This is a FACT.
Eat a serving of salmon and you get a hefty helping of iron, zinc, omega-3 fatty acids, niacin, vitamins B12 and 6, and a wealth of other essential nutrients. If you’re eating farmed salmon, however, chances are you’re also getting a host of contaminants, such as antibiotics, hormones, PCBs, dioxins, neurotoxins, and pesticides.
The Folly of Farm-raised Salmon
Fish farmers contaminate salmon with tainted fish oils and feed, and treat salmon with antibiotics to ensure health. These overused antibiotics and toxins transfer to us with every bite.
One study found that North Atlantic farm-raised salmon had as much as eight times the concentration of contaminants that wild-caught salmon did. The Journal of Nutrition reported that farmed salmon had PCBs 10 times that of wild, and according to research conducted by the Environmental Working Group, farmed salmon in U.S. grocery stores has 16 times the concentration of contaminants, including dioxins and PCBs. Dioxins are a proven human carcinogen, and women with high concentrations of PCBs are at an increased risk of having a baby with neurological problems.
Wild Salmon vs. Farmed Salmon
It’s good to go wild, especially from a nutritional standpoint. Wild salmon has 32% fewer calories and half the fat of farmed salmon. Eat wild and you get more calcium, iron, potassium, zinc, and protein, and less sodium. Farm-raised fish, on the other hand, has three times the amount of saturated fat and twice as much pro-inflammatory omega-6 fatty acid. Wild salmon is also exposed to fewer toxins because it collects food from a variety of ocean sources (0.17 parts per billion as opposed to 1.88 parts per billion!).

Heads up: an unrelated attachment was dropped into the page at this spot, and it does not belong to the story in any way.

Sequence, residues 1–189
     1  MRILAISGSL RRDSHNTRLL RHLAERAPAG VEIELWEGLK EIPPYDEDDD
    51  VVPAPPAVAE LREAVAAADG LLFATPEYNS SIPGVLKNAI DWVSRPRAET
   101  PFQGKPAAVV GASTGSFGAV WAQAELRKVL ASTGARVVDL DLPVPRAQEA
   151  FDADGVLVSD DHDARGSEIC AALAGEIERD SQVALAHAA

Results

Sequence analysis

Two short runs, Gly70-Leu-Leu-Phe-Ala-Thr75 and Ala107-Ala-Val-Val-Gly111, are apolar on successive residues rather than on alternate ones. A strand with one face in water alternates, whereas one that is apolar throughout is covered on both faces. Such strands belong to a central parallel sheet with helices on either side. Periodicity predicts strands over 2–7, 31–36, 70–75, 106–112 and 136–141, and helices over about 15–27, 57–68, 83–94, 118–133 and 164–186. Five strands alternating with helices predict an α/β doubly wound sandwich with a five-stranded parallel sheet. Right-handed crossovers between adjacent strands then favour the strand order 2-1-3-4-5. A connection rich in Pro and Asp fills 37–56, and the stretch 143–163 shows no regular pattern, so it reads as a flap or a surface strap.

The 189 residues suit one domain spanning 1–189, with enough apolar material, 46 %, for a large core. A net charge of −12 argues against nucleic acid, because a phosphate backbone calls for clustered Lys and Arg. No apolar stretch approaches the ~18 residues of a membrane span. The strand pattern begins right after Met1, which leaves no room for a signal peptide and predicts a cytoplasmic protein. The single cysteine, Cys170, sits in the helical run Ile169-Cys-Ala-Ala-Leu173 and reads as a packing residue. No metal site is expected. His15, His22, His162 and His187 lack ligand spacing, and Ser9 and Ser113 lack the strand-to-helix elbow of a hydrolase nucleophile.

The problem with eating wild salmon is that our resources are running low. According to a recent article in the Washington Post, about 2 billion pounds of salmon are harvested each year. Divide that amount by the 7 billion people who inhabit Earth, and you have a measly one serving of salmon per year!
If You Must Eat Farmed Salmon…
Since 2004, fish farmers have supposedly been cleaning up their act. For the last decade the World Wildlife Fund has worked alongside the fish industry to develop a set of standards that salmon farmers must follow to meet ASC certification. Ninety-one pages of 100 ASC standards were released this past June. To date, 15 salmon farms have pledged to meet these standards by 2020.
In the meantime, try to stick with wild salmon as much as possible. And if you must eat farm-raised fish (the benefits of which still currently outweigh the risks), then be sure to remove the skin, which absorbs the most pollutants.